Home NEWS The mayor of New York City has announced a plan to transport willing migrants to sites outside of the city ahead of the predicted surge

The mayor of New York City has announced a plan to transport willing migrants to sites outside of the city ahead of the predicted surge

The mayor of New York City has announced a plan to transport willing migrants to sites outside of the city ahead of the predicted surge

New York City Mayor Eric Adams stated on Friday that the city will transport willing migrants to other New York cities ahead of a flood of migrants expected to arrive in the city after Title 42 expires next week.

The new initiative, according to Adams, “will provide up to four months of temporary sheltering in nearby New York counties, outside of New York City, to single-adult men seeking asylum who are already in the city’s care.”

The scheme will begin with two hotels in the small towns of Orange Lake and Orangeburg, with the potential to expand, according to the mayor. Adams’ spokesperson, Fabien Levy, told the associated press that the two hotels may initially accommodate up to 300 refugees, with the option to “expand.”

Orange Lake is a hamlet in upstate New York’s Orange County. At the time of the 2020 Census, the population was 9,770. Orangeburg is a hamlet in the town of Orangetown in New York’s Rockland County, with a population of approximately 4,600 people, according to Census data.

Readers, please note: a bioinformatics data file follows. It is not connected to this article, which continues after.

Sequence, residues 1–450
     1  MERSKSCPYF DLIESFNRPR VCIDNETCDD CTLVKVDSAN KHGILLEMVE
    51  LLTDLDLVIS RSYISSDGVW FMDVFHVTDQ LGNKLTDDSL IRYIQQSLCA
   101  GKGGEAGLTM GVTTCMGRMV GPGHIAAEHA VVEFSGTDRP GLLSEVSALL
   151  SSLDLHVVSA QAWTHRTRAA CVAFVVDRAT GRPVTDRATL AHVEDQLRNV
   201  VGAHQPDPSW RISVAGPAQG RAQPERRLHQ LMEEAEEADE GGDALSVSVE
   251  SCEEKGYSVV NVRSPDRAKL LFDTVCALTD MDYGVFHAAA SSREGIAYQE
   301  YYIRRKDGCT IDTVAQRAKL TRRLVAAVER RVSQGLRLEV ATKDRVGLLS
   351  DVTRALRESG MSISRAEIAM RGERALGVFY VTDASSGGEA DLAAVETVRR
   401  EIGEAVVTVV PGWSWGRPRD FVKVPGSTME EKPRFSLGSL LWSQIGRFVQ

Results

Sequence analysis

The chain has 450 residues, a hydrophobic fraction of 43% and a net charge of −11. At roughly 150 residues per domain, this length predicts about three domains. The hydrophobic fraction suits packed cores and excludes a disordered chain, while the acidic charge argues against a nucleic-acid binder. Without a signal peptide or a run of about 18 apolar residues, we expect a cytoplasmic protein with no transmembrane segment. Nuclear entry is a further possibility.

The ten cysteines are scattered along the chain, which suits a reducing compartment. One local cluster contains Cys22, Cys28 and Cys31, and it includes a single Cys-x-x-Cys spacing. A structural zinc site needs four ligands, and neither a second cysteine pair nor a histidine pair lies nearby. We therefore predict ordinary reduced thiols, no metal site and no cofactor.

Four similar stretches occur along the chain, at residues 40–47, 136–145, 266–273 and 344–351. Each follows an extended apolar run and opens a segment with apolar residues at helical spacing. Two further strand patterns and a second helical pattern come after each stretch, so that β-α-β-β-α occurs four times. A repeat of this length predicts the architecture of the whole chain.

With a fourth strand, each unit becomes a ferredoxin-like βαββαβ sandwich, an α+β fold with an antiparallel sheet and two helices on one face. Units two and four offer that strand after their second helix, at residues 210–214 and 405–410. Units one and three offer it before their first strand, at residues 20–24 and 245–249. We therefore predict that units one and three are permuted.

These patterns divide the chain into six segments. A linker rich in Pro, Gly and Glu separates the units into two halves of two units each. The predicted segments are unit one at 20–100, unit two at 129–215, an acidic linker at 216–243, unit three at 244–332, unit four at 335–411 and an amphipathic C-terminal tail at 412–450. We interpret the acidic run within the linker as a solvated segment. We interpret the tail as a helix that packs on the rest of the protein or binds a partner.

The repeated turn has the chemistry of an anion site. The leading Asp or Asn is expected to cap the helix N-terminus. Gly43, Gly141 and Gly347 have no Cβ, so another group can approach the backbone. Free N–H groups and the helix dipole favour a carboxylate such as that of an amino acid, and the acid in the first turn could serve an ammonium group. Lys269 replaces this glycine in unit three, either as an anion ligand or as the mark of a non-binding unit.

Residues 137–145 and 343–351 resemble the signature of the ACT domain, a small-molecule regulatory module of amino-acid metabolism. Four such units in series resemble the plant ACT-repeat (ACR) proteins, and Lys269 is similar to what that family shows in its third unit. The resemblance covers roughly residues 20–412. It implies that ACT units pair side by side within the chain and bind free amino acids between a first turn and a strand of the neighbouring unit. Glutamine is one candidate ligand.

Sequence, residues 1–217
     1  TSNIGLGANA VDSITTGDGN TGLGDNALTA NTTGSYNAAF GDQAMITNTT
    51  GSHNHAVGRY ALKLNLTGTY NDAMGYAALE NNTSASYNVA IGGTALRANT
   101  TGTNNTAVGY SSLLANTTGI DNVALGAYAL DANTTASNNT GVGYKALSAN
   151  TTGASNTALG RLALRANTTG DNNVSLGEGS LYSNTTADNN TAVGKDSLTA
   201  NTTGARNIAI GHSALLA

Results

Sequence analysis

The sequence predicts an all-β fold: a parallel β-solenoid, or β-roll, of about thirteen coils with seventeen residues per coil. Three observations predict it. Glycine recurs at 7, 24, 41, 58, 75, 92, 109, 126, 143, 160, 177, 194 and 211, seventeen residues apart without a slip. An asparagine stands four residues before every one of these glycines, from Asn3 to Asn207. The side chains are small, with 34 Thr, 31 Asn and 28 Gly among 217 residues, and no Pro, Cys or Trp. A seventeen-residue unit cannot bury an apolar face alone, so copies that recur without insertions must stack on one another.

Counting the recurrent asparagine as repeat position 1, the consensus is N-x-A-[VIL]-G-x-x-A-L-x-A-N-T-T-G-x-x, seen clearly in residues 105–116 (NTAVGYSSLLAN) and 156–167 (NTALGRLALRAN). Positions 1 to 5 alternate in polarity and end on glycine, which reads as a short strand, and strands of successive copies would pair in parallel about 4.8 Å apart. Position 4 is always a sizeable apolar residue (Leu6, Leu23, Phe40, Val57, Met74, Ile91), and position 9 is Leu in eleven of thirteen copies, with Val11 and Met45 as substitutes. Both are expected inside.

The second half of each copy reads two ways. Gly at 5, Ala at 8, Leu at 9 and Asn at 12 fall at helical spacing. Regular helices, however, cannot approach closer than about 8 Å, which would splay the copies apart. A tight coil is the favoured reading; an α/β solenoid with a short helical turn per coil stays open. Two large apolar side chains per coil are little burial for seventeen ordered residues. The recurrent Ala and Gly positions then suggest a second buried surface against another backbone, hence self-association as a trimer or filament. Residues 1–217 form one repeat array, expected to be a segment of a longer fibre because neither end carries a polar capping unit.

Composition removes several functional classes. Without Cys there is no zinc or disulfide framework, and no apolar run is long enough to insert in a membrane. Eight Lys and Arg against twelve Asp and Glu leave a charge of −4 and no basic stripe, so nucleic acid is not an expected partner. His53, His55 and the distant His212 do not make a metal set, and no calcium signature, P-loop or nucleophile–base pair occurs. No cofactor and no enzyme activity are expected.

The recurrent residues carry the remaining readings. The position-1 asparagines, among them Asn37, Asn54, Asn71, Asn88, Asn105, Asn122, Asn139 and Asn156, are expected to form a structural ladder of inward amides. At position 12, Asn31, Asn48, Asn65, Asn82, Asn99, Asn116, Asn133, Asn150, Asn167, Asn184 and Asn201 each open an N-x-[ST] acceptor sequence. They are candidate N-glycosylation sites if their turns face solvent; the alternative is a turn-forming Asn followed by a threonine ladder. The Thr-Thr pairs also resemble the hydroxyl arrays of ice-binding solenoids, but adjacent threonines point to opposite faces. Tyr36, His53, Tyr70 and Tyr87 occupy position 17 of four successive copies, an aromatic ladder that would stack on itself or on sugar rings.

“Despite calling on the federal government for a national decompression strategy since last year, and for a decompression strategy across the state, New York City has been left without the necessary support to manage this crisis,” Adams said. “With a leadership vacuum, we are now forced to embark on our decompression strategy.”

Adams stated that both mayors and county executives have been alerted. the associated press has reached out to Orange Lake and Orangeburg leaders for their reactions to the mayor’s idea. the associated press has also requested a comment from New York Gov. Kathy Hochul regarding the mayor’s plan to transfer migrants outside of the city.

The announcement follows an internal briefing letter acquired and initially published by the associated press, which revealed a variety of solutions city authorities were considering to assist whether the predicted surge.

Tents in Central Park, a retrofitted airplane hangar at John F. Kennedy Airport, and the construction of temporary tiny homes are among the options mentioned in the memo, which predicts that 800 migrants will arrive in the city every day after Title 42 is lifted on Thursday. According to the memo, the city has processed tens of thousands of migrants since last spring, and 37,500 people are currently in its care.

The 5-page draft letter claims that an increase in arrivals is already being seen in New York City and describes the city’s requirements and potential “solutions” Around 500 arrivals were noted by the authorities on Wednesday alone. On May 11, the pandemic-era regulation known as Title 42, which permits immigration officers to quickly send migrants back to Mexico, is set to expire.

In advance of Title 42’s expiration, US Customs and Border Protection officers have noticed an increase in migrants crossing the US-Mexico border, according to the associated press report. In recent days, there have been about 7,000 daily interactions along the southern border of the US; this figure is anticipated to increase in the upcoming weeks.